WEST LAFAYETTE, Ind. (WLFI) – More than 400 computer programming students used their hacking skills to compete for $10,000 in prizes at the first “BoilerMake”, otherwise known as the “Super Bowl” of hacking at Purdue this weekend.
During the 36-hour event, teams showed off their skills by creating software such as applications and other forms of technology. Event director Kirby Kohlmorgen said the competition showcases programmers’ ability to quickly create ideas and allows them to show-off their talents to potential employers.
“This is the new career fair. Your’re not standing in line waiting to hand your resume to someone. This is the real deal. This is experience,” said Kohlmorgen.
Sponsors of the event including large technology companies like Google and Intel, who often recruit skilled students from the event, our sister station WLFI reports.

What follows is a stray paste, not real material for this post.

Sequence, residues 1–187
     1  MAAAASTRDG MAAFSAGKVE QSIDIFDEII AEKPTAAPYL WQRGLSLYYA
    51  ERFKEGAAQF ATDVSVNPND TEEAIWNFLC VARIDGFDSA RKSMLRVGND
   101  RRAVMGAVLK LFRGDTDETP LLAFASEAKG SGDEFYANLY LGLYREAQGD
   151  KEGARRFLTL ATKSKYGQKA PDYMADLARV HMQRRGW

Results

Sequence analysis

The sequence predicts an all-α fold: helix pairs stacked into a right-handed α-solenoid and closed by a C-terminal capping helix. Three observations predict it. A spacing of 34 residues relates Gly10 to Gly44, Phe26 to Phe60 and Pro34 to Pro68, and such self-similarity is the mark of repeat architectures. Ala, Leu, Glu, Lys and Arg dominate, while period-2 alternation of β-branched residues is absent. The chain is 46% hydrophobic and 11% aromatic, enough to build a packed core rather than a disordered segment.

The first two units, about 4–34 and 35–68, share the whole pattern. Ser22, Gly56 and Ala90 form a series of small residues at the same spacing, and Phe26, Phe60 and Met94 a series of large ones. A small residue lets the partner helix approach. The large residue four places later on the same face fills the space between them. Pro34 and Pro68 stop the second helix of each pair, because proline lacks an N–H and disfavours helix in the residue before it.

BoilerMake was also a way for the students to show that being a hacker isn’t always a bad thing.
“We say hackers are people who create something. It’s called a hack-a-thon because you hack something together in 36 hours,” said Kohlmorgen.
As the students continue to recover from the 36 hours of hacking, Purdue Student Andrew Lapp said seeing the finished product is worth the lack of sleep.
“It’s great to build an app and actually get experience doing that. It’s just a fun experience,” said Lapp.